'The Lion King' VFX Team Offers In-Depth Discussion of Virtual Production in THR's 'Behind the Screen'

"I don't consider it an animated movie," says VFX supervisor Rob Legato who, with his team, address this debate while detailing how 'The Lion King' was made and how virtual production continues to evolve.
Courtesy of Disney

A new episode of The Hollywood Reporter's Behind the Screen does a deep dive into the making of Jon Favreau's The Lion King and tackles the question as to whether it should be considered an animated movie.

The Disney production involved an innovative virtual production process with elements including virtual reality, a real-time game engine and live-action production techniques to craft a photo-real CG retelling of Disney's 1994 animated classic. Explaining the process, its potential impact on movie-making and how development is continuing are VFX supervisor Rob Legato; VFX supervisor Adam Valdez of VFX house MPC, a Technicolor company; and virtual production supervisor Ben Grossmann, co-founder of Magnopus.

The team also addressed the much-discussed topic of whether the movie should be described as animation. "I don't consider it an animated movie," says Legato. "The term 'animation' has a connotation that is different from what we are trying to achieve. It is a controversial discussion. We set out to make a live-action film. It looks like live-action. It's responding to the intuitive nature of filmmakers."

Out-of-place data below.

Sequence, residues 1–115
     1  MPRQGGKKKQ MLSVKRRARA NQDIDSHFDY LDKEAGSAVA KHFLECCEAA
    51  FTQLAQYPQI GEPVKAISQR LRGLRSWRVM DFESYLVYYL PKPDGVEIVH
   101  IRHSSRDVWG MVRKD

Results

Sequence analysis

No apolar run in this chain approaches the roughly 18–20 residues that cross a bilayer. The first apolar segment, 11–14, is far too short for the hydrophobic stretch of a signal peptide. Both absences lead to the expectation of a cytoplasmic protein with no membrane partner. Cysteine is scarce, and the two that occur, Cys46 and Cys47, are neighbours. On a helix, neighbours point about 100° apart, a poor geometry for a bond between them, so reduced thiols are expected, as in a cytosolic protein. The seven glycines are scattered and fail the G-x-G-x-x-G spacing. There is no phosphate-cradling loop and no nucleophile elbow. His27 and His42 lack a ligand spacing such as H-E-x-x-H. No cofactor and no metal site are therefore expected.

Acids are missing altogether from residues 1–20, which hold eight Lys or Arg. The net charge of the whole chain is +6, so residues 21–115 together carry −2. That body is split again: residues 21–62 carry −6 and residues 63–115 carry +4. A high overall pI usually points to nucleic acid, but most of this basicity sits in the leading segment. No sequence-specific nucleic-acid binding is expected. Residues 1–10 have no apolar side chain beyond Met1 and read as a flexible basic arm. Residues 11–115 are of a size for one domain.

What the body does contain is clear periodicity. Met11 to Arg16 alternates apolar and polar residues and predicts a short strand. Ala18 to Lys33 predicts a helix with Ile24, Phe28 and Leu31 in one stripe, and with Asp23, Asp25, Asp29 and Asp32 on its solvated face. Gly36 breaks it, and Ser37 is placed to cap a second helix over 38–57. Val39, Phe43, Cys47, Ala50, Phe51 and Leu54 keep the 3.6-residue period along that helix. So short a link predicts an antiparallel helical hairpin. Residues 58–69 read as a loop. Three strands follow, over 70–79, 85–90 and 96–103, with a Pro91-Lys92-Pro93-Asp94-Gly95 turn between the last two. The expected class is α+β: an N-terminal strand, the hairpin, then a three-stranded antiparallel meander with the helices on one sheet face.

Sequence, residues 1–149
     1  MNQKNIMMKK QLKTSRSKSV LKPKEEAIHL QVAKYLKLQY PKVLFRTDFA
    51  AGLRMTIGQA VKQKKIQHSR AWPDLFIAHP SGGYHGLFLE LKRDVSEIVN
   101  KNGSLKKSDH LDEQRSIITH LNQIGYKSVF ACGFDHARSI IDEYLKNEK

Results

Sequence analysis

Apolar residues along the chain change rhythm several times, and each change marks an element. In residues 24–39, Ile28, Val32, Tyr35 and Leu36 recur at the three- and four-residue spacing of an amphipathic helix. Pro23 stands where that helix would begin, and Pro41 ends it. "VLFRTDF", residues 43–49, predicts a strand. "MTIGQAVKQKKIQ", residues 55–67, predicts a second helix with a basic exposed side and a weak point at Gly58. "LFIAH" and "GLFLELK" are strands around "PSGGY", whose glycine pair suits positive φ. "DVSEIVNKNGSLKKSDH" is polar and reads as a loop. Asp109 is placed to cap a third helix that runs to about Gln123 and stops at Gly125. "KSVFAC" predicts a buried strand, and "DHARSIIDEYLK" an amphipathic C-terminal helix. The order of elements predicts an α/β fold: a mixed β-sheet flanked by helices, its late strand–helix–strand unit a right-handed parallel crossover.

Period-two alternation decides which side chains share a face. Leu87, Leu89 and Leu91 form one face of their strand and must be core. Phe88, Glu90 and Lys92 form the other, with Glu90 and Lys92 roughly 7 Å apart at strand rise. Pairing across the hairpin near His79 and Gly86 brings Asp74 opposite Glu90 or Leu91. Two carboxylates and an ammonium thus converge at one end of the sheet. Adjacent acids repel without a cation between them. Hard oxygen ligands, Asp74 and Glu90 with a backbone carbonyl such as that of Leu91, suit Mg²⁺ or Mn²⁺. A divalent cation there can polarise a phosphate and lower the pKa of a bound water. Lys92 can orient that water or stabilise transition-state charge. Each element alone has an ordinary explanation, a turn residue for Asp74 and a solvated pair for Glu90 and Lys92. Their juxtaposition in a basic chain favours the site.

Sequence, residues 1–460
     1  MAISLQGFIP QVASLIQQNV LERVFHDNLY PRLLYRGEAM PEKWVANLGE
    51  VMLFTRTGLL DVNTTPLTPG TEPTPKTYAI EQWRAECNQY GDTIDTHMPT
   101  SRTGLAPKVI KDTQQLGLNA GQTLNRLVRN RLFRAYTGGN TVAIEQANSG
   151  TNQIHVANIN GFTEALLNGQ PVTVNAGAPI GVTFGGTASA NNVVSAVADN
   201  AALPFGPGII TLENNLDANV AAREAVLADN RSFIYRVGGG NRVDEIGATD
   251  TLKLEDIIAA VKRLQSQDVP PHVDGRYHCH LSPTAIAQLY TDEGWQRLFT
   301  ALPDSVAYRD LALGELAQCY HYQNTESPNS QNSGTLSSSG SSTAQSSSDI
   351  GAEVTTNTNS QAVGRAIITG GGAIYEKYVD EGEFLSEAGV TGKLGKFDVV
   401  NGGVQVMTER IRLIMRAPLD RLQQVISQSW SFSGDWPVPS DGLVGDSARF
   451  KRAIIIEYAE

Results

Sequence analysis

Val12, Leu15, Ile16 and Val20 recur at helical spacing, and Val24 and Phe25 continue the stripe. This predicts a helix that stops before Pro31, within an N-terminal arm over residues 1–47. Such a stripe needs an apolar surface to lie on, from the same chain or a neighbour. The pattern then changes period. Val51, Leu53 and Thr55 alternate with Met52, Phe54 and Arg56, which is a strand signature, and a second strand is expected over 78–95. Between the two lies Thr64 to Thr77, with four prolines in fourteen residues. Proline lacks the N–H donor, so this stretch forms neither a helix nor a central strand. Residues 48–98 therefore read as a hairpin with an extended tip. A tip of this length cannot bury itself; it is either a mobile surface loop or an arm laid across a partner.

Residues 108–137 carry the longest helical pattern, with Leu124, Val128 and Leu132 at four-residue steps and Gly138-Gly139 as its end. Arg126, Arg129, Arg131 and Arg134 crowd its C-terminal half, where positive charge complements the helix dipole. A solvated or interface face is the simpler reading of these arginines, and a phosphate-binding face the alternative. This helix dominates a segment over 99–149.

He concludes, "That's not really animation in the classic sense."

There was plenty of experimentation during production. "Jon and Rob and [cinematographer Caleb Deschanel] would form an aerial team, and Jon would be the helicopter pilot flying around in VR," Grossmann recalls, explaining that at one point they even took a D-Box chair (a motion seat used for 4D cinema), gave it controls and put it into the virtual production system. "You could sit on the chair and feel like flying a helicopter."

Looking ahead, Grossmann believes the next step could involve "putting the audience into the movie."

Legato earned Oscars for James Cameron’s Titanic, Martin Scorsese’s Hugo and Favreau’s The Jungle Book. Valdez also won an Oscar for The Jungle Book. Grossmann won an Oscar alongside Legato on Hugo.

Hosted by THR tech editor Carolyn Giardina, Behind the Screen features interviews with directors, cinematographers, editors and other artists behind the making of motion pictures and series.

Hear it all below on Behind the Screen — and be sure to subscribe to the podcast to never miss an exciting episode.